'Unity of command': Brussels Minister-President can direct police in urgent cases

'Unity of command': Brussels Minister-President can direct police in urgent cases
Credit: Belga / Paul-Henri Verlooy

In the event of acute or exceptional security problems, Brussels Minister-President Rudi Vervoort will be able to take over the management of the local police zones in the future, according to a bill approved by the Council of Ministers last Wednesday.

Today, Vervoort is already responsible for public order, but he does not have the power to direct the local police by means of orders, instructions or directives, according to a press release by Interior Affairs Minister Annelies Verlinden, who is responsible for the country's police zones.

"The possibility of unity of command will enable the Brussels police zones to act more quickly and efficiently in the event of overarching security problems," Verlinden said. "It will also promote cooperation and coordination between police services, which will benefit security in Brussels."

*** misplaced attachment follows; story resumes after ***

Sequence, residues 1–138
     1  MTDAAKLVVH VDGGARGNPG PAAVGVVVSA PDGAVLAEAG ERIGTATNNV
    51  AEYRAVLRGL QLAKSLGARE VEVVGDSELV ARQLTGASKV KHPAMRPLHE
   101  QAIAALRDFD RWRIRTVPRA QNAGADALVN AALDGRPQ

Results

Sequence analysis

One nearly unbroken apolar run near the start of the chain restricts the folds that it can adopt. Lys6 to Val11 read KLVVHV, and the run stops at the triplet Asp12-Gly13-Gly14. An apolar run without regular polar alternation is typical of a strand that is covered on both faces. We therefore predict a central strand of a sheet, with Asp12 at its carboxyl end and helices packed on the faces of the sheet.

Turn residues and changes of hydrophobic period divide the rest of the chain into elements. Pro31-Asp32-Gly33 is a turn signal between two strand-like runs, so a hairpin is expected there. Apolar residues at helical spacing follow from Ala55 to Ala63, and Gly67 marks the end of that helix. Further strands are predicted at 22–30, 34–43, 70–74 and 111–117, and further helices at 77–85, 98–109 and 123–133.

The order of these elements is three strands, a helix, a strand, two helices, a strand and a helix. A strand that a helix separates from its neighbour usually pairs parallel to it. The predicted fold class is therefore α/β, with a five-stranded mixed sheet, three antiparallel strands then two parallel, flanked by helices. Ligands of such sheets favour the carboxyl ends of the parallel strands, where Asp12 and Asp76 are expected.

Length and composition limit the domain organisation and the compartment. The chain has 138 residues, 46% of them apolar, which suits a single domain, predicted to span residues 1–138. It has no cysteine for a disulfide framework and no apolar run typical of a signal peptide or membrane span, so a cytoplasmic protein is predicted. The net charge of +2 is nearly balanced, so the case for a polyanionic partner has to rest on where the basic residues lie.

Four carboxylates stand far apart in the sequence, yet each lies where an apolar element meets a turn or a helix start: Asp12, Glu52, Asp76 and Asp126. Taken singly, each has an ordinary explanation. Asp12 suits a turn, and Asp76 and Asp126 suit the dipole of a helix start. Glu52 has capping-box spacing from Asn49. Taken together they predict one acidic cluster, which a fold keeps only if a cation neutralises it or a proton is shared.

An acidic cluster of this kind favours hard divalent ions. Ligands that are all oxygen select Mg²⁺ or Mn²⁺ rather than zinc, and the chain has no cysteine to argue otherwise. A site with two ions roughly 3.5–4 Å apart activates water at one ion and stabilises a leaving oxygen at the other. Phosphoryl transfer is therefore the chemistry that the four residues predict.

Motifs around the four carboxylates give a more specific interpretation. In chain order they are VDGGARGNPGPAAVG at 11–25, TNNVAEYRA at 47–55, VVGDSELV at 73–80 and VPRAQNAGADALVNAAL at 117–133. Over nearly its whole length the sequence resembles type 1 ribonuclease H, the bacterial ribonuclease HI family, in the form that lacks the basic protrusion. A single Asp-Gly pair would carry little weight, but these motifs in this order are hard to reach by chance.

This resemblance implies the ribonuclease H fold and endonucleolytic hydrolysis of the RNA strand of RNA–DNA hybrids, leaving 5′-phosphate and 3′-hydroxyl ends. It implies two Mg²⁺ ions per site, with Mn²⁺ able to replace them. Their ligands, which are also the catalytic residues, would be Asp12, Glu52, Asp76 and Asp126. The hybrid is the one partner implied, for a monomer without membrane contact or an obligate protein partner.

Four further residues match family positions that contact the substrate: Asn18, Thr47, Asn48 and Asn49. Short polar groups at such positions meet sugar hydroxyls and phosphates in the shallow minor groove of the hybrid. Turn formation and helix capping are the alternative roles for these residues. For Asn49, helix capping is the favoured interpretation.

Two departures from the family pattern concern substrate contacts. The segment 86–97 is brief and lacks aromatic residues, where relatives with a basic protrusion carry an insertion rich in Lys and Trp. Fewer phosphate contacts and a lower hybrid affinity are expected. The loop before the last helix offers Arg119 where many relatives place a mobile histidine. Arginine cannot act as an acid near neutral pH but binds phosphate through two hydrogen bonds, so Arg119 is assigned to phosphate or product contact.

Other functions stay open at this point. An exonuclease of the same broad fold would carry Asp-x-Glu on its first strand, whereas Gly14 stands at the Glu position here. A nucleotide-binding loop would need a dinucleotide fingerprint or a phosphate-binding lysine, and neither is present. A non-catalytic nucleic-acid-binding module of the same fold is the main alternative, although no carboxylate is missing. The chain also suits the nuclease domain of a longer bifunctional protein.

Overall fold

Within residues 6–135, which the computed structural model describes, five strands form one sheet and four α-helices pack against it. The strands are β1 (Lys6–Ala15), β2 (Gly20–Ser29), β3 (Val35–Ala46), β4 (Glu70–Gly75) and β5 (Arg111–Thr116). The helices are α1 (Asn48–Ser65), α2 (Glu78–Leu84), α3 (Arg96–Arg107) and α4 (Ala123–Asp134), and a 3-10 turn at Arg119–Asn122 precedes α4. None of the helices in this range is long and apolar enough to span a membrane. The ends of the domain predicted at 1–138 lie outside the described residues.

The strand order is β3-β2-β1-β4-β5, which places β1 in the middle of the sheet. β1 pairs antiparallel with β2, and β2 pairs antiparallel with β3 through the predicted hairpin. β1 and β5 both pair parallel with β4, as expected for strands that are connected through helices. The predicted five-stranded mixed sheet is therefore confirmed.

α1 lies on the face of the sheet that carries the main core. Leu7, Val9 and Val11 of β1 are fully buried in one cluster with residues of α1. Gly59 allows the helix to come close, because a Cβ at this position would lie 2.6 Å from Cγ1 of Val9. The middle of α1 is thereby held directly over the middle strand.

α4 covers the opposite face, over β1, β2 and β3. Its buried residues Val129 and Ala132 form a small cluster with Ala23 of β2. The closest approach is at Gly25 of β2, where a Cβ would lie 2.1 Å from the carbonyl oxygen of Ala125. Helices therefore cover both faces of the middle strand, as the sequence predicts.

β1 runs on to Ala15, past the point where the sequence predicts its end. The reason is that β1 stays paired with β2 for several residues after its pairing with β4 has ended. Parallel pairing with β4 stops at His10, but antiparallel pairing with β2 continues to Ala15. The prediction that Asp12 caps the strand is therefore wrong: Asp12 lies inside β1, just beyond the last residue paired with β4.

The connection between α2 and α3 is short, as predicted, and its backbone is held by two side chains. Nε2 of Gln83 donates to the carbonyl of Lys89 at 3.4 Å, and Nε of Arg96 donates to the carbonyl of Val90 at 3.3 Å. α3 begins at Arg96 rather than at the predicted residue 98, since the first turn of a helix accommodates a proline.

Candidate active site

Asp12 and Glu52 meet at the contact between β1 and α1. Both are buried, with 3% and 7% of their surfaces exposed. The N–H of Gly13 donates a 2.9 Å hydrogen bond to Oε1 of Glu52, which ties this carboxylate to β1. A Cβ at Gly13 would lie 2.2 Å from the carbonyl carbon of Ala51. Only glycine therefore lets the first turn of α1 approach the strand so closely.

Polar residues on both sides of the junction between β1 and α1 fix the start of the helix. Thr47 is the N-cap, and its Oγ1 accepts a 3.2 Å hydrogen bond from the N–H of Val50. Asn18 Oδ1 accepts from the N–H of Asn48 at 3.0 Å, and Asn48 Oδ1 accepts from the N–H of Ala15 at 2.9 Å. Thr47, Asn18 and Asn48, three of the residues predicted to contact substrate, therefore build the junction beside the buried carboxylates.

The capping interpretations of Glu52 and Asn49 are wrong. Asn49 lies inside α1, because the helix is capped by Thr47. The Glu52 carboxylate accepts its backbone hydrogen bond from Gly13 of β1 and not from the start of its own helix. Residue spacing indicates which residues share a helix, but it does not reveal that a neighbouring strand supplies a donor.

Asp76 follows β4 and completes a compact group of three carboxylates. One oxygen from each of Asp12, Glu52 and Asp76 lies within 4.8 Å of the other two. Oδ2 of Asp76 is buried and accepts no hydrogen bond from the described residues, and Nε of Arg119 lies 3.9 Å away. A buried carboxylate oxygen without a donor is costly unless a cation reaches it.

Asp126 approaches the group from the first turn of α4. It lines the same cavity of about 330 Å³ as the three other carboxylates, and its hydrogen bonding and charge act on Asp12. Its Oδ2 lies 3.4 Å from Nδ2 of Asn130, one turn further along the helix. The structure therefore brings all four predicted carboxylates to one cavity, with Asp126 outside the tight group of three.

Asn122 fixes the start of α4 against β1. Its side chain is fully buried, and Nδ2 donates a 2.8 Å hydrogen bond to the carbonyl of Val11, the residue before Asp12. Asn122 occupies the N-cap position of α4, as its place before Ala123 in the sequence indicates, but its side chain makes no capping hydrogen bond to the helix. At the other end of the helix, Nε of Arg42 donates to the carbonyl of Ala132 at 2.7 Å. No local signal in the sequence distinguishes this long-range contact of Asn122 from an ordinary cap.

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This bill allows the Minister-President to temporarily manage the Brussels police with a unit of command, which makes it possible to tackle these exceptional security problems faster and in a coordinated way.

It concerns situations in which the boundaries of the local Brussels police zones are exceeded, for example in the context of tackling a terrorist attack, violent extremism, hooliganism or large-scale disorder, or drug-related crime.

"The six different police zones in Brussels often have to deal with the same criminal phenomena but have to combat them in dispersed order," said Federal Justice Minister Vincent Van Quickenborne. "By enabling unity of command in Brussels, police officers and resources will be able to be deployed much more efficiently and effectively to better tackle serious crime and disorder in our capital."

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